Similarly to RA, several other factors besides the pro-inflammatory cytokines are implicated in the induction of mPGES-1 in the OA joint. The increase of mPGES-1 expression in OA cartilage is at least partly related to hypoxia and activity of hypoxia activated factor 1α (HIF1α; Grimmer et al., 2007). Advanced glycation end products (AGEs) extensively accumulate in cartilage collagen with age and predispose to the development of OA (DeGroot et al., 2004). Nah et al. (2008) have shown that treatment of primary human OA chondrocytes with AGE induces mPGES-1 and Cox-2 expression and elevates PGE2 production.
Recently a possible link between OA and obesity has been shown in several studies, highlighting the critical role of mechanical loading and the potential role of adipokines in cartilage degradation (Pottie et al., 2006; Gosset et al., 2008). Interestingly, both mechanical loading and some adipokines have been demonstrated to induce mPGES-1 in cartilage. The mechanical compression of mouse cartilage explants significantly elevated PGE2 release, which was associated with induced Cox-2 and mPGES-1 expression. Thus, both Cox-2 and mPGES-1 are encoded by mechanosensitive genes and implicated in compression-induced PGE2 production (Gosset et al., 2006). Adipose tissue cells secrete a number of adipokines, proteins with the structural and functional properties of cytokines, which possess potent pro-inflammatory and pro-degradative effects and might contribute to OA progression (Pottie et al., 2006). A newly identified adipokine visfatin potently induces mPGES-1 and suppresses 15-PGDH expression, leading to enhanced PGE2 production by human and mouse articular chondrocytes (Gosset et al., 2008).
The expression and localization of mPGES-1 and other enzymes related to PGE2 biosynthetic pathway were also examined in muscle tissue from patients with polymyositis or dermatomyositis. A significantly enhanced expression of mPGES-1 (Figure 2D), Cox-2, and Cox-1 was detected in myositis muscle tissue compared to healthy muscle tissue, suggesting their role in the pathogenesis of inflammatory myositis. Double immunofluorescence demonstrated a predominant expression of mPGES-1 in macrophages (Korotkova et al., 2008). Conventional immunosuppressive treatment of myositis patients with oral glucocorticoids and DMARDs led to a significant down-regulation of Cox-2 while mPGES-1 expression in inflamed muscle was not affected (Korotkova et al., 2008). The divergent effects of the treatment on Cox-2 and mPGES-1 expression may be explained by the differences in the mechanisms of glucocorticoid actions on the enzymes. In addition, the suppression of mPGES-1 may require higher glucocorticoid concentration, as previously observed after intra-articular treatment with high doses of glucocorticoids (Korotkova et al., 2005).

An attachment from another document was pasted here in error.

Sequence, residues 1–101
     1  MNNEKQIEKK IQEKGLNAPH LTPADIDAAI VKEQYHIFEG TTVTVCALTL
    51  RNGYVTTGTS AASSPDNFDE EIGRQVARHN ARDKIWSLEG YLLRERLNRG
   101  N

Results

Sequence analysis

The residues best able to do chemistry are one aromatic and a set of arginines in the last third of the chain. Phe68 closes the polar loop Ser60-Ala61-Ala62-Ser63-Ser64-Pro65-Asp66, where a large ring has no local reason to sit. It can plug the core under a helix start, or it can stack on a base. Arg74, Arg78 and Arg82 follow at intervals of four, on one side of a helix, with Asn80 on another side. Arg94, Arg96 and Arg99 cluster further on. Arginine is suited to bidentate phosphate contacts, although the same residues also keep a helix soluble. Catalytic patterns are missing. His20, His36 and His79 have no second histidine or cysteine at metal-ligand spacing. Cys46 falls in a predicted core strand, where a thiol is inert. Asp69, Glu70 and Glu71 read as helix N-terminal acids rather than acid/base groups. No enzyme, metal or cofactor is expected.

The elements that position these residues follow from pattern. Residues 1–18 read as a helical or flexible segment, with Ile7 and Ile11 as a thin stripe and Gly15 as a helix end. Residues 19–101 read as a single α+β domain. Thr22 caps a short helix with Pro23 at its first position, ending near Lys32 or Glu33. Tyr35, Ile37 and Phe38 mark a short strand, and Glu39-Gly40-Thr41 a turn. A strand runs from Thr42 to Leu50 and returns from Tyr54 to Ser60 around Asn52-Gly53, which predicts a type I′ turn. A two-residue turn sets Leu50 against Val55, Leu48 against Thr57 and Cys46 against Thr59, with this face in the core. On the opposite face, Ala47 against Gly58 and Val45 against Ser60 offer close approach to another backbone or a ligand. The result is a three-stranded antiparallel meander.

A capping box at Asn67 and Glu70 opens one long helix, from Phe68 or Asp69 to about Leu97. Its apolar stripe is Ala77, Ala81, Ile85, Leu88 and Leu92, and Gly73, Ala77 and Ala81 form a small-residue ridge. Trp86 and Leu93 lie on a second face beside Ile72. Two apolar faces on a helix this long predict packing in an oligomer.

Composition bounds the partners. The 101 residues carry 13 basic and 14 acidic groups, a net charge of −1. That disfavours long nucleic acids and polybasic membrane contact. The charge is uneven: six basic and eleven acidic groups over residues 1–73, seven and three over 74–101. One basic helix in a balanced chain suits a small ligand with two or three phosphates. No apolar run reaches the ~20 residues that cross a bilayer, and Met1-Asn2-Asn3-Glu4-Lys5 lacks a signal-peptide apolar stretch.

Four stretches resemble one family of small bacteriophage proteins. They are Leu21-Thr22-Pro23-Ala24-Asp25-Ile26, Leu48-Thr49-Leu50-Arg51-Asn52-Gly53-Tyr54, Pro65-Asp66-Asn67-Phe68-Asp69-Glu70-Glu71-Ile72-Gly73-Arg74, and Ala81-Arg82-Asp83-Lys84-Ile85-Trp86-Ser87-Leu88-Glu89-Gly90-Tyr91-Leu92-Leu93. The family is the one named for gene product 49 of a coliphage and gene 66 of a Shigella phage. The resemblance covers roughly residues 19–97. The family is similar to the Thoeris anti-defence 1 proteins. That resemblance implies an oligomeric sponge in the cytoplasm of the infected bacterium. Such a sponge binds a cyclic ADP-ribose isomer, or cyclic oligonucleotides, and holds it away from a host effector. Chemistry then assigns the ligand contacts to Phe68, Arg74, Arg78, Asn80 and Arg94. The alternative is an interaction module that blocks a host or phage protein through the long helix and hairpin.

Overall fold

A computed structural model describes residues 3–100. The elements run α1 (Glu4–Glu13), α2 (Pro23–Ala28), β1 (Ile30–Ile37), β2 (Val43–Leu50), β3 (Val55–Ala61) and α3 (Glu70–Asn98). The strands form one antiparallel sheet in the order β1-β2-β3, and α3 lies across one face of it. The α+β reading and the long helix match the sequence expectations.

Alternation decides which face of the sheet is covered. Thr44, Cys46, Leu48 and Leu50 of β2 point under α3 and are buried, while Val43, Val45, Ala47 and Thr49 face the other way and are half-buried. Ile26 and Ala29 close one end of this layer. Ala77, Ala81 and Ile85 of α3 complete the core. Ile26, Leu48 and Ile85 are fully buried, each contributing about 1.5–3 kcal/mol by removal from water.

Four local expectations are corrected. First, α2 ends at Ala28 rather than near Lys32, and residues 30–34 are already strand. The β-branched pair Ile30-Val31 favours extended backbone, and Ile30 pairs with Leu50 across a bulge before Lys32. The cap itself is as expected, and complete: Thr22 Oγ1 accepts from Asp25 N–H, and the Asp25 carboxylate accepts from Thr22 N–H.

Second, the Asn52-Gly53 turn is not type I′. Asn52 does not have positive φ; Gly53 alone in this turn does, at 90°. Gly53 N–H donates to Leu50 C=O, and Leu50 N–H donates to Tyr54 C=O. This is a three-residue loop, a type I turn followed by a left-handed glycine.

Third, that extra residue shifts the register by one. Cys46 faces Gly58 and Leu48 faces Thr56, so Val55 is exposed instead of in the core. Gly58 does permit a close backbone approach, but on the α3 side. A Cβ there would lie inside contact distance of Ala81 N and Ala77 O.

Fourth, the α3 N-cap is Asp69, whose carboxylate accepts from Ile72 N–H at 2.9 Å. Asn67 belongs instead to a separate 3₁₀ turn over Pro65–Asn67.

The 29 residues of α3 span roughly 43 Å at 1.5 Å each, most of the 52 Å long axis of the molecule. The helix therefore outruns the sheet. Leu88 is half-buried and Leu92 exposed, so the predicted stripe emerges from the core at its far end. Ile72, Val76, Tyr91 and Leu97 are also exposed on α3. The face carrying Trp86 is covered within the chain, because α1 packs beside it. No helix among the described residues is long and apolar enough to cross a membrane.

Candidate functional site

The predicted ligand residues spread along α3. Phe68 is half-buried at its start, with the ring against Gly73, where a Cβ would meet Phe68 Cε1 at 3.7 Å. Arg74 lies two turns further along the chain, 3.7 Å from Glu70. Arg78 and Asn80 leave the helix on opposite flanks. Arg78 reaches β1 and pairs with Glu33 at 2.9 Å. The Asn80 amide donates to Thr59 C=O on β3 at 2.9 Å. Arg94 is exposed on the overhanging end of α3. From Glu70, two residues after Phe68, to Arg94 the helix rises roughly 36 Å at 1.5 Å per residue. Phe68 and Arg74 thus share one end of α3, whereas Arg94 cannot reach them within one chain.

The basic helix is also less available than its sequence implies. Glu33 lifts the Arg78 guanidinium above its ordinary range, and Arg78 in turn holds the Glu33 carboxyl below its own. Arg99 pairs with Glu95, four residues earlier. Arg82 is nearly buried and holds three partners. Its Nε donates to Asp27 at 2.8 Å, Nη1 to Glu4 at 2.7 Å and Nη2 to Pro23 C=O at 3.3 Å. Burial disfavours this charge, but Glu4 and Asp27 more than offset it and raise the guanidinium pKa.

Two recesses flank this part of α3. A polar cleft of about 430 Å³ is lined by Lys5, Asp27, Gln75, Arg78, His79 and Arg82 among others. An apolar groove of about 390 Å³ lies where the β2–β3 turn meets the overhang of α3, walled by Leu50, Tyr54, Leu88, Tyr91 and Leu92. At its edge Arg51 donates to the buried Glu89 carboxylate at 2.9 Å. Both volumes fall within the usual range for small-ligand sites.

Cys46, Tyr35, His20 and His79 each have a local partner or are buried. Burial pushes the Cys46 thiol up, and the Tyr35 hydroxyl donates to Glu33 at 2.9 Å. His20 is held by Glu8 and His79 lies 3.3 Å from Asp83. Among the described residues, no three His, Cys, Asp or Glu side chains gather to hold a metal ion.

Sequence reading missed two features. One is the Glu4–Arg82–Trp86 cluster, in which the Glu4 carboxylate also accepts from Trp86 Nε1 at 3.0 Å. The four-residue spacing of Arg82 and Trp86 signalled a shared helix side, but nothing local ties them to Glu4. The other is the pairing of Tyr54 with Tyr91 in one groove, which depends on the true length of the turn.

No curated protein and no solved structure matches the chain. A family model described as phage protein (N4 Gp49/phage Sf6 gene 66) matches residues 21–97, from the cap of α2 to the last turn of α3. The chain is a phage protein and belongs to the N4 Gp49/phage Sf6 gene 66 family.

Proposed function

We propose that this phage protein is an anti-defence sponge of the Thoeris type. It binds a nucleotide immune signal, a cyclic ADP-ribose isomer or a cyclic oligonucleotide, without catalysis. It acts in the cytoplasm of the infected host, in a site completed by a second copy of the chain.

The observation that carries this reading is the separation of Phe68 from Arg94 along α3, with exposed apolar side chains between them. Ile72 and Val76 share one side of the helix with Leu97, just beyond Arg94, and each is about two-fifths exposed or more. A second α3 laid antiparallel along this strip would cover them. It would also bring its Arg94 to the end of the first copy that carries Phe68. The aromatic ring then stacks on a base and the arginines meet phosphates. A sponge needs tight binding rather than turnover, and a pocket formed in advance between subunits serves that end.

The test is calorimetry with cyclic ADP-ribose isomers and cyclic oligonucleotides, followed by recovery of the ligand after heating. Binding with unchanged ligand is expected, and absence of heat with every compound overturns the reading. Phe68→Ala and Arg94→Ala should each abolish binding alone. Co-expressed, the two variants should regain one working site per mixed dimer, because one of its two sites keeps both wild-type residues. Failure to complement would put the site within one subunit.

Taken together, these studies demonstrate that mPGES-1 is strongly up-regulated in rheumatic diseases by a variety of stimuli. Thus, the inhibition of PGE2 biosynthesis, preferably by targeting mPGES-1, might act synergistically with different anti-rheumatic therapies for optimal anti-inflammatory control.
Lessons from Experimental Models in Rodents
The important role of mPGES-1 as a novel therapeutic target for treatment of RA was further strengthened in experimental models of arthritis. A strong up-regulation of mPGES-1 mRNA and protein levels was demonstrated in the inflamed paws of rats with adjuvant-induced arthritis during the full course of the disease (Mancini et al., 2001; Claveau et al., 2003). Moreover in arthritic rats mPGES-1 was also induced in endothelial cells along the blood–brain barrier and the paraventricular nucleus of the hypothalamus suggesting the involvement of mPGES-1 in the activation of the central nervous symptoms associated with chronic autoimmune disease (Engblom et al., 2002a). Centrally produced PGE2 binds EP receptors present on relevant deep neural structures and elicits the central nervous illness response such as fever, fatigue, anorexia–cachexia, hyperalgesia, and dysregulation of the hypothalamus–pituitary adrenal axis (Engblom et al., 2002b).